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Red Snapper Sushi

Red Snapper Sushi

Tai Sushi

Red snapper is classified as one of the white fishes (shiromi). There are three popular ways to prepare red snapper sushi. These techniques are often performed on the white fishes, sush as halibut, and sea bass. The first way is preparing it plain (fresh or aged), the second is the matsugawa tsukuri (pine bark preparation) for the people who like red snapper skin, which is considered lighter and more delicate than salmon skin. The third is the kobujime (Infusing with kombu extracts).

Fresh red snapper has a turgid flesh, is very watery, and has a delicate sweet aroma. For some, more stronger flavors are preferred, so in order to do this, the red snapper is refrigerated for a couple of hours. This lowers its moisture content and concentrates the flavor. On top of that the amino acids start to decompose, and a deeper flavor is achieved. The only downside is that it becomes very soft, and loses the “extra fresh” texture. It is a matter of preference. If you like freshness, then try it fresh and enjoy the texture and faint aromas. If you want more taste, then you should try the aged red snapper.

The matsugawa tsukuri is prepared so that only the skin is cooked and the flesh underneath remains raw. This method is performed exclusively for the red snapper. Boiling water is carefully poured on the skin side of the fillet and then the whole fillet is immediately “shocked” in ice water to prevent the cooking to deepen into the fillet. Some chefs may use gas torches to prevent the hot water from washing away the snapper flavors, but no matter how quick the chef is, this may over-cook the fillet under the skin due to the high heat of gas flame compared to boiling water. The object is to cook only the skin and keep the flesh absolutely raw. The pink-silver skin of the snapper shrinks and curls up a bit and turns a little grey. The result looks like a bark of a pine.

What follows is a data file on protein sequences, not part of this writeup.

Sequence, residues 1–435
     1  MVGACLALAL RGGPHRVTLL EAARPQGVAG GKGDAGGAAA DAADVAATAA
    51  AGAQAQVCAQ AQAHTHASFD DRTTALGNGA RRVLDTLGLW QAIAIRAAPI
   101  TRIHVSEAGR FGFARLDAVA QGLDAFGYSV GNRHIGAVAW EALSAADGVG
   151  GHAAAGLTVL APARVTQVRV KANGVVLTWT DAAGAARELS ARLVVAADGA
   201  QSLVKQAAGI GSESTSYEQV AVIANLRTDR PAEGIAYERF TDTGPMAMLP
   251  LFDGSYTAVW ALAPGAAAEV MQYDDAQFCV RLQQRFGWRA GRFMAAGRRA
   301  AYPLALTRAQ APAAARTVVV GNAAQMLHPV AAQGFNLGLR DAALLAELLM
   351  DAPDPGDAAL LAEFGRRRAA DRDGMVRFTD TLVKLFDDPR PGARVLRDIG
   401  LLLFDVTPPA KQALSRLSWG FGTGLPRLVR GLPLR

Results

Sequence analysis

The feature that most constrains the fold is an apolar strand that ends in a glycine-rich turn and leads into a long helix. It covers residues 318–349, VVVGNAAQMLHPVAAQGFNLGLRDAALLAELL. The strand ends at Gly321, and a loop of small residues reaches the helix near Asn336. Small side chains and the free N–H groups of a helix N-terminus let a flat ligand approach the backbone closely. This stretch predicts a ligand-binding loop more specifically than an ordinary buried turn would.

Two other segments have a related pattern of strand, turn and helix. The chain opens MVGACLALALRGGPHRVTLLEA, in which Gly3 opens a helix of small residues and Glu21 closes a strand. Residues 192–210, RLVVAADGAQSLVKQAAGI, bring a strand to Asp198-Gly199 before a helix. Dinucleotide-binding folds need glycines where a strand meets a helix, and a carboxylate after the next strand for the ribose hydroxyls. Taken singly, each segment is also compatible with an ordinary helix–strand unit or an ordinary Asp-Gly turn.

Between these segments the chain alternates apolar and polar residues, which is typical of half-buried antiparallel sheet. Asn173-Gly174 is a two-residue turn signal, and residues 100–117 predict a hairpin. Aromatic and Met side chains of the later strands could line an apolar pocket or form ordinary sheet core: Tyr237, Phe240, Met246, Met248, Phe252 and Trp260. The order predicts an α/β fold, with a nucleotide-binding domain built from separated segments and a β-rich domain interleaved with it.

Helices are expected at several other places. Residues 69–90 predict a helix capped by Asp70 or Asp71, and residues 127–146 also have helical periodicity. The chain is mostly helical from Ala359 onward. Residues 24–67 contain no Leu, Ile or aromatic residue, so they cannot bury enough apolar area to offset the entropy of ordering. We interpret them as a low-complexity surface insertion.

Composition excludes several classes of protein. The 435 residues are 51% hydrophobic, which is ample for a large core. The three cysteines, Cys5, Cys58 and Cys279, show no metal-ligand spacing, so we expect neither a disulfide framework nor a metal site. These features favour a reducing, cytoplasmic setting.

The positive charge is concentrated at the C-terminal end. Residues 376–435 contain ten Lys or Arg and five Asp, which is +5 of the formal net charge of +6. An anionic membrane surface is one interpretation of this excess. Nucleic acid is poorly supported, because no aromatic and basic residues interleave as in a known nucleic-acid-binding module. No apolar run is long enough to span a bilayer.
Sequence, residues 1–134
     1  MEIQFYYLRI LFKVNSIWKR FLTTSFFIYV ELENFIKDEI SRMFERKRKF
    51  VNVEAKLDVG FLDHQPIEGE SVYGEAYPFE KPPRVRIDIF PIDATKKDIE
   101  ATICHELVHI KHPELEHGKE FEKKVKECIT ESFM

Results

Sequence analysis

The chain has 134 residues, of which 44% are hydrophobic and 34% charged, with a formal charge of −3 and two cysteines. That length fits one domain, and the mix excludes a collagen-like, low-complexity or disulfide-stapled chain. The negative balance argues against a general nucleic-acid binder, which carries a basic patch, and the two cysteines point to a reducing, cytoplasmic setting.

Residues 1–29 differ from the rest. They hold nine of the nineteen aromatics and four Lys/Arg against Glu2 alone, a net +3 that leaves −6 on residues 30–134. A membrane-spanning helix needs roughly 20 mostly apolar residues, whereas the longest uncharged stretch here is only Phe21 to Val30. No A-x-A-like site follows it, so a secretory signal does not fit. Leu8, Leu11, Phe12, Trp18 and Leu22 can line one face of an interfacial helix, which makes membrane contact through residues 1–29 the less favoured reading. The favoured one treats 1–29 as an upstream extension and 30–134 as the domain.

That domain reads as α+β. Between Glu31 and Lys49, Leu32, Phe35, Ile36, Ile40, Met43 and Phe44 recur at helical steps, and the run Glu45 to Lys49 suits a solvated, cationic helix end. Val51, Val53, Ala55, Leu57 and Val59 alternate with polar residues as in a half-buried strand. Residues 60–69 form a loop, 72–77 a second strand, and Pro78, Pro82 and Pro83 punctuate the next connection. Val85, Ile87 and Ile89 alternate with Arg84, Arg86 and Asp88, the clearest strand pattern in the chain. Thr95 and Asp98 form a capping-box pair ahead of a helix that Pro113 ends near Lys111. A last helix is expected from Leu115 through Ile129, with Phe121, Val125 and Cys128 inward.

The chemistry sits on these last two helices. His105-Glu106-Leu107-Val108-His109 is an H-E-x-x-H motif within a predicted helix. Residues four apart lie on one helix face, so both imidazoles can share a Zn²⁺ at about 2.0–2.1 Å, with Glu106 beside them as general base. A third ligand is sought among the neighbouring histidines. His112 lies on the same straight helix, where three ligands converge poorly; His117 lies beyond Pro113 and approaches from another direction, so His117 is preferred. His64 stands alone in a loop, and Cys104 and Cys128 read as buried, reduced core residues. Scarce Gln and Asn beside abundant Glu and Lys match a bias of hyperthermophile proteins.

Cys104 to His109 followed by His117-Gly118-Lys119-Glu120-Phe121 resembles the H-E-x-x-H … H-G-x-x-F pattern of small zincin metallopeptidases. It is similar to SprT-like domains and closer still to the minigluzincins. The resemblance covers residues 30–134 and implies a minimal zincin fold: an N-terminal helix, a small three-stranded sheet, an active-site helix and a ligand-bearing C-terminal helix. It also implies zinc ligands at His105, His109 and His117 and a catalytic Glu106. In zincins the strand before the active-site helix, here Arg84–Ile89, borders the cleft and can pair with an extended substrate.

The third popular way of preparing red snapper sushi is the kobujime. This is prepared by laying the fillet on wet kelp to infuse the flavors onto the fish. While this is done, excess moisture from the red snapper is transferred to the kelp while the red snapper receives the flavors from it. The result is a concentrated flavor of red snapper enhanced with kelp. Kelp, while very bland, acts as a powerful ingredient to enhance flavors in fish, and it is one of the basic ingredients in any Japanese cuisine.

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Also see: Red Snapper in Sushi Fish
 

Popular style for red snapper sushi: Nigiri
Popular condiments for red snapper sushi: Wasabi
Specialty: Aged, Matsugawa Tsukuri, kobujime
Category: White Fish (Shiromi)